A new paradigm is taking shape in the fashion industry in response to rising globalization, changes in consumer spending patterns as well as digital innovation. While McKinsey and Company are projecting strong growth in the industry in 2019, companies that respond to changes in the broader industry are the only ones that will be able to survive.

In 2017, 1,875-fashion retailers shut down, as changing consumer-spending patterns made it impossible for them to remain in operation. The situation turned out worse in 2018 as more than 9,000 retail outlets are believed to have gone out of business.

Amidst the slowdown in the retail sector, the fashion industry is projected to grow at an impressive rate, thanks to the rise in e-commerce. The fashion industry could post growth of between 3.5% and $4.5% in 2019, according to McKinsey and company. Revenues, on the other hand, are projected to rise from $481.2 billion in 2018 to $712.9 billion by 2022.

Growth By Segment

The apparel and clothing segment is expected to account for a considerable chunk of sales in the fashion industry in 2019. However, while absolute clothing numbers are steadily rising, the growth appears to be slowing. The CAGR (compound annual growth rate) could slow from 15.3% as of 2018 to 7.6% by 2022.

The shoe segment also continues to display a trend of dwindling revenue expansion y-o-y (year over year). Growth is poised to shrink from double digits of 13.6% as of 2017 to 10.8% by the end of the year. However, the market size will increase from $96 billion in 2018 to $135 billion by 2022.
The bags and accessories segment while growing at a stronger rate could shrink from double-digit growth of 15.6% in 2018 to 8.7% as of 2022.

Fashion Industry Market Size

North America remains one of the biggest fashion market expected to offer fashion brands the most opportunities in 2019. More than two-thirds of surveyed fashion executives expect North America to provide more opportunities with Europe coming in second at 30%.

Expanding fashion markets outside the West is one of the catalysts poised to accelerate growth in the fashion industry in 2019. Increasing online penetration, thanks to smartphone penetration, should continue to fuel e-commerce expected to accelerate sales growth online.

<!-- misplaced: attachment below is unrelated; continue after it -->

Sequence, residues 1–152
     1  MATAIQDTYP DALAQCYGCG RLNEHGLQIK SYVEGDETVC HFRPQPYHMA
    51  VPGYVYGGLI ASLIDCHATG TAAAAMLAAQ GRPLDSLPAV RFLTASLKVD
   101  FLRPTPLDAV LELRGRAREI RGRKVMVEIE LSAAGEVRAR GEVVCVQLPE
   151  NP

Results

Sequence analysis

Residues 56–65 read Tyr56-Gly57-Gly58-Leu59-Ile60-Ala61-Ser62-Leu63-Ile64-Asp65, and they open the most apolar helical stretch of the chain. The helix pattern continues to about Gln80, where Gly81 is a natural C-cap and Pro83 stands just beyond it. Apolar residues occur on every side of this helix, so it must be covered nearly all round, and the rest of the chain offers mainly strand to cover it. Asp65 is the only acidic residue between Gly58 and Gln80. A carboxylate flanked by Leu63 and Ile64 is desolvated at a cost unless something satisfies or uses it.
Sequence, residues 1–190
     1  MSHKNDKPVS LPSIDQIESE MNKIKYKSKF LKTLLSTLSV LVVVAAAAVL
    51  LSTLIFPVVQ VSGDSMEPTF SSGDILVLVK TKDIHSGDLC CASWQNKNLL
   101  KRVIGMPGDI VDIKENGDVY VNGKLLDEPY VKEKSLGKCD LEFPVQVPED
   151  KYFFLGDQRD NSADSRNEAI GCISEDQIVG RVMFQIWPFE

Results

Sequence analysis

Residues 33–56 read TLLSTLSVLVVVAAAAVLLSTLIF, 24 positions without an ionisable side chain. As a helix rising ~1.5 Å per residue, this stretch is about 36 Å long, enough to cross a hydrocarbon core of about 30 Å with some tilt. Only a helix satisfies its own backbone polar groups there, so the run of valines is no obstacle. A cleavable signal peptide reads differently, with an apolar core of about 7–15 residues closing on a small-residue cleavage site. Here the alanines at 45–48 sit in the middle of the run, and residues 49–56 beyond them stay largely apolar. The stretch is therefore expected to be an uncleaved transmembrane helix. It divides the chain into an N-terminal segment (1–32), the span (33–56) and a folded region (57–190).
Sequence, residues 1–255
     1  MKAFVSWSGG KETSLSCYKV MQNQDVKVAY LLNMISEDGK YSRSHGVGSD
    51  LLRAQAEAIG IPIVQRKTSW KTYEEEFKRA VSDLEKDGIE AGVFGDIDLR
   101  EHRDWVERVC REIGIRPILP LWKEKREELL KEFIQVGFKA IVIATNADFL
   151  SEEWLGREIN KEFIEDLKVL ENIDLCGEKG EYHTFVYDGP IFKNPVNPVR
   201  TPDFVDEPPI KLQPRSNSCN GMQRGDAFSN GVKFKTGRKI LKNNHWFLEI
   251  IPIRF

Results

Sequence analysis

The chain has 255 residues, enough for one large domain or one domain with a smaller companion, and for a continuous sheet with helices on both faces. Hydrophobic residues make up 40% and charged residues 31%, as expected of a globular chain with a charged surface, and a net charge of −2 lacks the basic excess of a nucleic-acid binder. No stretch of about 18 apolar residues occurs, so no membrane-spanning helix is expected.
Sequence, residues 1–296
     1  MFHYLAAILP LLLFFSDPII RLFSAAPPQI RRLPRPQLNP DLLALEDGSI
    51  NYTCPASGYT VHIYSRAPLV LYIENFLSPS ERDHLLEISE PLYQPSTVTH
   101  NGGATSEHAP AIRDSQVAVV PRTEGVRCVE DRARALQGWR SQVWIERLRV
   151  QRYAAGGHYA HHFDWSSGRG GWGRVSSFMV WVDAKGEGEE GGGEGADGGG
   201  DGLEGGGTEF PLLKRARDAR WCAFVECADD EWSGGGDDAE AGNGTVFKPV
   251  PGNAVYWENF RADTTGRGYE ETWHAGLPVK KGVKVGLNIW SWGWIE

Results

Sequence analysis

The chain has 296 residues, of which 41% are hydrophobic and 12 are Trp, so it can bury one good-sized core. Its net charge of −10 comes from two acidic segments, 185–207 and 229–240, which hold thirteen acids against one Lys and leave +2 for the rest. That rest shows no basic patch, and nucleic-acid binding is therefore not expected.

Emerging worldwide middle classes with stable disposable income is a development that should lead to increased spending in the industry, given the improved buying power. A more comprehensive target market made up of more than 1.2 billionshould be good news for fashion brands.

The fact that a majority of these new customers are within 16 to 24 years and 25- 34 age groups support the thesis for increased sales, as people in the two age groups are known to spend more on fashion.

Claudia Bertolero Miami Fashion Week. Photo by: Miami Fashion Photographer James Santiago.
Claudia Bertolero Miami Fashion Week. Photo by: Miami Fashion Photographer James Santiago.

Lingering headwinds

However, fashion executives have warned that economic uncertainty and political turmoil could take a toll on consumer spending power. The threat of trade wars, as well as pending Brexit, could also hurt the fashion industry.

Polarization of the fashion industry is no longer a secret as the top 20 publicly traded companies continue to account for a majority of all the profits generated in the sector. In 2018, the likes of Nike, Hermes, Richemont, Kering, Pandora, Luxottica, Michael Kors, and LVMH accounted for 97% of all the value created in the industry compared to 70% as of 2010.

Established brands will have to spend more on the development of new brands as well as marketing to safeguard their competitive edge in the industry. Market fragmentation with the entry of new players thanks to increased e-commerce should continue to harm brand loyalty.

Cost of combating online returns of as much as 50% is another headwind that established brands will have to contend with in addition to growing pressures on the use of ethically sourced and green manufacturing materials.


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